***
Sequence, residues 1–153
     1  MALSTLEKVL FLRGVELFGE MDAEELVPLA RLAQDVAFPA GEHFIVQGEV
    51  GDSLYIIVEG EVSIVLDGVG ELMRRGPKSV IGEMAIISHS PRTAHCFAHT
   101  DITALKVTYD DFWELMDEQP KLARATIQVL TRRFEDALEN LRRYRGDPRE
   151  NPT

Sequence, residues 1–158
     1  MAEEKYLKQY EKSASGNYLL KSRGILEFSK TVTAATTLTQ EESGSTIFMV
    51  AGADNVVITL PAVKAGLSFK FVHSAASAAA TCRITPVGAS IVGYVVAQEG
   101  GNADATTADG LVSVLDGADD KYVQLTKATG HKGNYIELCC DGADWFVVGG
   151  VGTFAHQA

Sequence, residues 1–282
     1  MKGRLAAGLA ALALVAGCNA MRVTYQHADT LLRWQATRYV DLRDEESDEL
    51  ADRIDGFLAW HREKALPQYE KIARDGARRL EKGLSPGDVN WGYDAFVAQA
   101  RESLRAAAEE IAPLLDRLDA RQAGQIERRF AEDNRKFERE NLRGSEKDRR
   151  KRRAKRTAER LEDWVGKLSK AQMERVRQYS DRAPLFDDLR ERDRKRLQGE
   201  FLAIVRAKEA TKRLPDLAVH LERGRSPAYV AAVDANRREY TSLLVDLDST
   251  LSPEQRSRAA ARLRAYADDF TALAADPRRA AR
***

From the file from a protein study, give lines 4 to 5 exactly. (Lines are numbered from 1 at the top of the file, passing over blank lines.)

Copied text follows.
   101  DITALKVTYD DFWELMDEQP KLARATIQVL TRRFEDALEN LRRYRGDPRE
   151  NPT